The other church of note in Silves is the Ermida Nossa Senhora dos Mártires (Church of Our Lady of the Martyrs) which dates from the 16th century in the Gothic style with Manueline decorations. Inside is a Baroque altar and ancient tombstones from the 14th century. The church is located to the west of the old town on the way to the Largo da República and the Casa da Cultura Islâmica and Mediterrânica (House of Islamic & Mediterranean Culture), which was formerly the old municpal abbatoir built in the Islamic style in 1914. The building is used as a cultural center hosting conferences, exhibitions, debates and small lectures.
The Ponte Velha (Old Bridge), sometimes referred to as the "Roman Bridge", actually dates from the mid-14th century. Spanning the River Arade, the bridge is now pedestrianized and is 76m in length and 5m wide.
The Mercado Municipal de Silves (Silves Municipal Market) sells fresh fish, meat, fruit and vegetables. It was built in the mid-20th century during the Salazar period in a New Statle (Estado Novo) style of architecture.
The Biblioteca Municipal (Municipal Library) preserves within it the remains of parts of the old Moorish town including walls and cisterns. The Praça Al'Mutamid is a modern reconstruction of an Islamic period water garden with pools and fountains. It is named after a child ruler of Silves, Al'Mutamid, who wrote a poem lauding the city before he was forced to return to his capital Sevilla in Spain. The area is much used during the annual Medieval Fair.
Just outside town on the N124 heading towards São Bartolomeu de Messines is the Cruz de Portugal (Cross of Portugal), a 3m-tall carved, limestone cross that dates from the 16th century. One side shows the scene of the Crucifixion, the other the Descent from the Cross.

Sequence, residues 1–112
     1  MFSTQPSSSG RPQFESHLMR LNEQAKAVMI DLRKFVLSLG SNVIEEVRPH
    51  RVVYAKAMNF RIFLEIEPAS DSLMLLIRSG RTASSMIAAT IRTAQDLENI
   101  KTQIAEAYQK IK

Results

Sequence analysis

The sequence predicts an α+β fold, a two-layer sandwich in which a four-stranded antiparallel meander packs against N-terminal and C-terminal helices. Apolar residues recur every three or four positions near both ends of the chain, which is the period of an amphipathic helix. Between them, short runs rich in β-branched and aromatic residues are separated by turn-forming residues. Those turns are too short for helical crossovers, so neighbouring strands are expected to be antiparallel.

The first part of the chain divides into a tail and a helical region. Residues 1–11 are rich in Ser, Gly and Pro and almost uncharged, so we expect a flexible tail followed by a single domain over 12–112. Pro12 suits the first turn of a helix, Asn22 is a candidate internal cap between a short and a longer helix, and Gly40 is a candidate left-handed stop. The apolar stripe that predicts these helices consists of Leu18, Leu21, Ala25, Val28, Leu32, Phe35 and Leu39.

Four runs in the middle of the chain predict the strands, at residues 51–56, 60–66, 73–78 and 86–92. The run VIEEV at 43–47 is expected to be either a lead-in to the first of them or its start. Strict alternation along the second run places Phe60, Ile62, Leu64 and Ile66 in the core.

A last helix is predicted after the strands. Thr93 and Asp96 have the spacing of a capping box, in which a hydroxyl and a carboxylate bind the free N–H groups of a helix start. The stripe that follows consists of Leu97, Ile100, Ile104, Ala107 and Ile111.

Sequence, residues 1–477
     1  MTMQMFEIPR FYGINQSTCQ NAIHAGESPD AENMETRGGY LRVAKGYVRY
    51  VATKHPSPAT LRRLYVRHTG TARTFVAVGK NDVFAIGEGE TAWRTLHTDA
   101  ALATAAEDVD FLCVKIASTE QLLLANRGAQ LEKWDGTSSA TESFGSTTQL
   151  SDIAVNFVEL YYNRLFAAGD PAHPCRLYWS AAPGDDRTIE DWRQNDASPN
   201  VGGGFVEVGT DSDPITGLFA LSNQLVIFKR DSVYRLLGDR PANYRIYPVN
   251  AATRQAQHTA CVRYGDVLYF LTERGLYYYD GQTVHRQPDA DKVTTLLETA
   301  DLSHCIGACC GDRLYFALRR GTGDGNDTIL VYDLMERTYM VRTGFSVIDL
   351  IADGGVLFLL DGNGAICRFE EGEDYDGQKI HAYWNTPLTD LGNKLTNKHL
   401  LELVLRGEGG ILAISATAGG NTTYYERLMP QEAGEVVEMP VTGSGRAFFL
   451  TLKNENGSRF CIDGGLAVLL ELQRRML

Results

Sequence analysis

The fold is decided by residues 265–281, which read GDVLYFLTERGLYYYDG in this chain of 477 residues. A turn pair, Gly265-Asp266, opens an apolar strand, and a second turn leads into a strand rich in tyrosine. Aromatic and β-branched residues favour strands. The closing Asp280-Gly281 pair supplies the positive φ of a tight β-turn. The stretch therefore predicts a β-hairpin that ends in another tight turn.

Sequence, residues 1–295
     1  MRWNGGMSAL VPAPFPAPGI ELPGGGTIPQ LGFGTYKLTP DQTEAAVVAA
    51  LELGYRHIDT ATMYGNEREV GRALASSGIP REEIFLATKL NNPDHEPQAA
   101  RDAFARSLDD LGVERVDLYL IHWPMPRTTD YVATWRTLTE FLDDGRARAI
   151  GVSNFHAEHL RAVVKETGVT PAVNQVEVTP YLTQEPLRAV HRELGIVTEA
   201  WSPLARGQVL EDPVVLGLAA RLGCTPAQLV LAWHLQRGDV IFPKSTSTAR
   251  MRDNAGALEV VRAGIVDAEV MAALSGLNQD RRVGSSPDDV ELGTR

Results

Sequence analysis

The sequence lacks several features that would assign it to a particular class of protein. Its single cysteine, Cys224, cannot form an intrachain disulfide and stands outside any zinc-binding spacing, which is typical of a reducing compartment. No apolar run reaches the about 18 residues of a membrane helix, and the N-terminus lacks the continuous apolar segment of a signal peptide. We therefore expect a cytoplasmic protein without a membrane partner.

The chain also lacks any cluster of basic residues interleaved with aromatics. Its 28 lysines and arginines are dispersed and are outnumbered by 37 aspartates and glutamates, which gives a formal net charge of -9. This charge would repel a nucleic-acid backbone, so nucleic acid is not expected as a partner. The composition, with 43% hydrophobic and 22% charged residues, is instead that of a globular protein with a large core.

The Museu da Cortiça (Cork Museum) which was housed in a 19th century English cork factory (Fábrica do Inglês) is now, unfortunately, closed.
There are a number of golf courses within easy reach of Silves.
Silves Tourist Offices
Silves Municipal Tourist Office, Rua 25 de Abril, near the Largo do Município (Tel: 282 442 255) also incorporates the Algarb Islamic Heritage Interpretation Center (Centro de Interpretaçao do Património Islâmico) which traces the network of Islamic culture that spread from and connected North Africa, Spain and Portugal.
The main Turismo (Tel: 282 440 800) is housed in a modern, glass building by the river, the main car park, the bus stops and just opposite the Mercado Municipal de Silves.
Medieval Fair (Feira Medieval)
Silves' big bash is the annual Silves Medieval Fair lasting over 10 days in mid-August. The event began in 2004 and now attracts over 130,000 visitors to watch the historical dramas and re-enactments, horse tournaments, music, dance, juggling and other street entertainment and circus-style acts. Visitors also have the chance to dress up in historical costumes and join in the fun. The fair takes place at night from 6pm-1am and a ticket or wristband is required to enter the area.